Armadale in old picture postcards

Armadale in old picture postcards

:   William F. Hendrie
:   Armadale
:   Lothian, West
:   United Kingdom
:   978-90-288-1155-3
:   80
:   EUR 16.95 Incl BTW *

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Fragmenten uit het boek 'Armadale in old picture postcards'

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29 The tall chimneys afthe West Lothian Steel Foundry and its neighbaur, the Atlas Steel Foundry, which were landmarks far miles around, are seen in this I920s photograph. The buildings of the former are in the fareground and those of the Atlas Works are in the background.

30 While the heavy industry of the steel works and pits provided employment for the Armadale men, many of their wives found jobs in the loeal textile industries. This rare interiar view shows the employees of the Armadale Hosiery. Among its workers were Betty Bissett, who is believed to be the lady looking over her shoulder towards the photographer, Jean Baxter, Lizzie Smillie, Mrs. KeHy, whose maiden name was Flanagan, and Mrs. Traynor.

3 1 In their spare time many Armadale men enjoyed practising and performing with Armadale Silver Band. In the back row members of the band included the two Pedens, Robert Lawson, Donald Fullerton and Neil Clerk, with in the middle row Alex Rodger, Willie Carlaw, [ohn Sword, Alex Carlaw, Donaid Torrie, Robert Rodger, John Wallace, William Ferrier and George Black; and in the front the players include [ohn MacDonald, Jimmy Kerr, [ohn Fullarton, who was conductor; [ohn Hay, Alec Yuill and Robert Watson.

32 This photograph of the Armadale Silver Band was taken in 1 937, two years before the start of the Second World War. Those in the photograph inclnde ]ohnny Banks, Jimmy Grace, ]immy Edwards and ]immy Davidson.

33 As weil as parading through the streets of the town the Armadale Silver Band of ten gave concerts on summer Sunday afternoons and weekday evenings, playing in the Victorian wrought iron bands tand in the jarnes Wood Park. The park was given to the people of the town by the weil-known local colliery owner.


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34 Of all the leisure pursuits, however, in Armadale, foorball has always been king, since the first team was founded in the town in 1879. This photograph shows the Armadale football team of

1 923. Amongst those in the picture in the back row are linesman]. Edwards with his flat cap and his flag at the ready, assistant trainer D. Stein, playersThomson, Fleming, Short the goalkeeper, Cuilen, Reid, Hunter and trainer Carlaw; with in the front line players Speirs, Muir, Beattie, Reid and McGregor. Notice the heavy boots and football all made of stout leather, the neckline of the strips and the long shorts.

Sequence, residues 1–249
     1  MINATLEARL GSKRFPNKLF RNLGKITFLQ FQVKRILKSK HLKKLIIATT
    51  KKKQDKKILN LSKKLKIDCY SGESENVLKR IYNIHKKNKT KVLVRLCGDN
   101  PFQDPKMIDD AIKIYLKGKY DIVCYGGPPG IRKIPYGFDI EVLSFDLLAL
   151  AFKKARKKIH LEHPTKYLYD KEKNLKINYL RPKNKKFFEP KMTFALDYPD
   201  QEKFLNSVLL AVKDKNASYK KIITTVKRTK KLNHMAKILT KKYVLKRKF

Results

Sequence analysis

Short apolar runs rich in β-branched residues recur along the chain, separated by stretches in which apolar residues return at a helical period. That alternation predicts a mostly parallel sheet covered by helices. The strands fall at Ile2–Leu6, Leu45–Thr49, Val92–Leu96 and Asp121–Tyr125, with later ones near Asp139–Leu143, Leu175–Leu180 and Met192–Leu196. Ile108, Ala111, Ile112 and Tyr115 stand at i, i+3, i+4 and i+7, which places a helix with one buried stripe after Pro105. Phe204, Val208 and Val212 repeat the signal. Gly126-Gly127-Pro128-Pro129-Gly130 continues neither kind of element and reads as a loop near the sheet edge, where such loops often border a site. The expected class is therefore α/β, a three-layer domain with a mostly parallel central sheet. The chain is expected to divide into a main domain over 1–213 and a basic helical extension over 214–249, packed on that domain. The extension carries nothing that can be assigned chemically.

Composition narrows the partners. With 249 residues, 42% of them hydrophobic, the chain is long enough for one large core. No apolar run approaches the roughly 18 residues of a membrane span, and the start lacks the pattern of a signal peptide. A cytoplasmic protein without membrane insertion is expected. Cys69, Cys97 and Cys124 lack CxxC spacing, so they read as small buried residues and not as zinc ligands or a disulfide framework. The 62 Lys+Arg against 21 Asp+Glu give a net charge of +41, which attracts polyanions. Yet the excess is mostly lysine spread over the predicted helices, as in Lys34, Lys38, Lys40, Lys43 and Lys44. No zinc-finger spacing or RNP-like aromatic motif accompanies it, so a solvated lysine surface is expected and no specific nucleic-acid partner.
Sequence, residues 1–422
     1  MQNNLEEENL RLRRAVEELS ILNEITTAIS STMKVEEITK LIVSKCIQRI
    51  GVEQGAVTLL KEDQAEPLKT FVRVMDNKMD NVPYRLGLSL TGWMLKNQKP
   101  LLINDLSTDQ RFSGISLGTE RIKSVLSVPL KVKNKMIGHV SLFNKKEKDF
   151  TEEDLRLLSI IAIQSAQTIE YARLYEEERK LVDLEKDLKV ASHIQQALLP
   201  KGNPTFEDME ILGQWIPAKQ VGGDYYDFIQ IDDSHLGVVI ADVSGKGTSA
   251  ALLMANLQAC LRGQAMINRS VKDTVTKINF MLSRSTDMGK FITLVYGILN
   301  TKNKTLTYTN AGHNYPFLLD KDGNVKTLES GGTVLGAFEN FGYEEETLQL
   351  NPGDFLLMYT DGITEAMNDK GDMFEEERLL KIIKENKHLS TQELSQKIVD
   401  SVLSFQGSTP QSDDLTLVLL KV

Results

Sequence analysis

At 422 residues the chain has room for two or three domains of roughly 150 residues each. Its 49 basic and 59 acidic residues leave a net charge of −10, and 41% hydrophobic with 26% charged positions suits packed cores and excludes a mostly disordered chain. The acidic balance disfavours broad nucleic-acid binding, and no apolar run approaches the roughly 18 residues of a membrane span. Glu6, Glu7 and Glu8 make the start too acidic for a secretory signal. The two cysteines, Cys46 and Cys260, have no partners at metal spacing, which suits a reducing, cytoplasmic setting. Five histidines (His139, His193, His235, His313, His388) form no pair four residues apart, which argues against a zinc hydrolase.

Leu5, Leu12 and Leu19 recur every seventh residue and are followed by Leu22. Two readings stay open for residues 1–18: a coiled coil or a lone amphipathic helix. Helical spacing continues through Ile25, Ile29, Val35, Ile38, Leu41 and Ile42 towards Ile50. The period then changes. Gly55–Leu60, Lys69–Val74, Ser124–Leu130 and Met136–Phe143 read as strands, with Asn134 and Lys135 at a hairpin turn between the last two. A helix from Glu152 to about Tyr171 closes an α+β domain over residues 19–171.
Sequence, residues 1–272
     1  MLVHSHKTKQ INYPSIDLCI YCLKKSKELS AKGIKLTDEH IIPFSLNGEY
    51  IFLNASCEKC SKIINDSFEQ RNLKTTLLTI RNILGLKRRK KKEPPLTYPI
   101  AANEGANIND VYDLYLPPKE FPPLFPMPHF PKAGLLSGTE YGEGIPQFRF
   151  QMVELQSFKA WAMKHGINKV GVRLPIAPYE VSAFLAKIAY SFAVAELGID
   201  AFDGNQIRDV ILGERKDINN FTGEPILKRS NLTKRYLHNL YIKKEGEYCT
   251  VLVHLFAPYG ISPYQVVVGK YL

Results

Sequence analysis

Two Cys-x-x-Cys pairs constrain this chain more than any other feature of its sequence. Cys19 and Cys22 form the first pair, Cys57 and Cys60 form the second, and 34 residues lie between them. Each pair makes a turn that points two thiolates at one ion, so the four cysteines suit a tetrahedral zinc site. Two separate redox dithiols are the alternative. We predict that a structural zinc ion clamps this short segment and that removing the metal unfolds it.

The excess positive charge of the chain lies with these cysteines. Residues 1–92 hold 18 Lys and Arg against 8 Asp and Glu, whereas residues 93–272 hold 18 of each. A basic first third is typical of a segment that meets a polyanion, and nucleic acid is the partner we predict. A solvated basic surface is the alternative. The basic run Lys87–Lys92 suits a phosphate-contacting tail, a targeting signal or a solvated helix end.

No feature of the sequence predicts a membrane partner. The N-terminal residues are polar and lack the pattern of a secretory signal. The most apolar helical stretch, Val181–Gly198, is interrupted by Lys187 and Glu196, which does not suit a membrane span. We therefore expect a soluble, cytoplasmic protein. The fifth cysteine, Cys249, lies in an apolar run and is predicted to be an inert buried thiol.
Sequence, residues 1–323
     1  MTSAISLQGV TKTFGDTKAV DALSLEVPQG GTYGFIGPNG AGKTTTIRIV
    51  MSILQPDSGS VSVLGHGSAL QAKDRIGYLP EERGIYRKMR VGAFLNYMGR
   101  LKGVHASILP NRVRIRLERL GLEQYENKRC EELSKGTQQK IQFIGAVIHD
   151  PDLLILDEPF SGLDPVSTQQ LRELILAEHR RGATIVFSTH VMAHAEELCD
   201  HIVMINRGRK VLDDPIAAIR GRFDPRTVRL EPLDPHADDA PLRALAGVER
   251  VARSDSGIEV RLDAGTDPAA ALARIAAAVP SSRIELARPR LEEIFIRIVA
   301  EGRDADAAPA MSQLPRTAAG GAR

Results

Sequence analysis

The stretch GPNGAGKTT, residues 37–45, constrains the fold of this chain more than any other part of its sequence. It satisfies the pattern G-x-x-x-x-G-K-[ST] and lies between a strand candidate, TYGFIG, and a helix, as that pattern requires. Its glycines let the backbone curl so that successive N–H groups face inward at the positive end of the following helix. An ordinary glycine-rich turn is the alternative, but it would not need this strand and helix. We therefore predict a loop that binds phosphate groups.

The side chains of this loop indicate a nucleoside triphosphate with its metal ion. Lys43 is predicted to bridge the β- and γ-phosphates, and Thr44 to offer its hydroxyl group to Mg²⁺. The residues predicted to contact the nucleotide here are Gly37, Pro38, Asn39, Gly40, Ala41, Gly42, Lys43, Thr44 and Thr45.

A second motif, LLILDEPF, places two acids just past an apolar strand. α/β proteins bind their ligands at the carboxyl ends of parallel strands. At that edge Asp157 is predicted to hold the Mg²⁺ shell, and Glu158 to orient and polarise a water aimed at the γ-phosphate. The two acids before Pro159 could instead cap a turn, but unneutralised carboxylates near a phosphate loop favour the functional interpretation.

35 An even earlier photograph shows the players of the Armadale Football Club before the First World War in 191 2. The back row, from left to right, consists ofWilliam Harris, William Borwn and [ohn Ballantyne, with in the middle row trainer [ohn Ross with his towel over his shoulder, Samuel Chambers, [ohn Rankine and [ohn Blair; in front Robert Hendry, [ames Roberts, William Ienkins, Alex Menzies and Iohn Johnstone.

36 This picture postcard shows the steeply tiered wooden grands tand at Armadale Football Ground with the enelosure in front of it. On match days they were crowded with enthusiastic fans, record gates of 6,000 against elfde and 7,000 against Hibs being recorded in the years immediately after the First World War. In later decades supporters were equally enthusiastic when the tewn's junior club played local derby matches against neighbouring rivals Bathgate and Whitburn. linlithgow Rose and Bo'ness United were also always looked upon as formidable local opponents. Other popular sports in Armadale included greyhound racing

and speedway racing. which still flourishes at the local stadium on the south side of East Main Street.

37 Football was bred in the blood in Armadale and the young players in the Public School's team enjoyed a particularly succes sf ul season in

1 92 1 . Here the boys of that year's Qualifying Class are seen posing with their Headmaster and class teachers alongside the trophies which they had won. The strang male presence on the staff of the tewn's primary school contrasts with the situation nowadays, when the head and all the staff are almost always all women. The picture was taken outside the school sheds, where pupils had to shelter on wet, windy winter mornings, until summoned into class by the nine 0' clock bell. Perhaps it was this na

nonsense approach to upbringing, which helped produce sa many tough younger footballers amongst the school's enthusiastic pupils.

38 In March 1928 the Arrnadale Public School footballers were the proud winners of the much prized Menzies Cup. After the photograph was taken their Headmaster filled the cup with lemonade so that his lads could truly savour the sweet taste of success and the boys were pleased to discover this softer side to his nature than that which he usually showed when they were called to his room to be disciplined with strokes of the tawse, the instrument of punishment described in the caption to the next picture.

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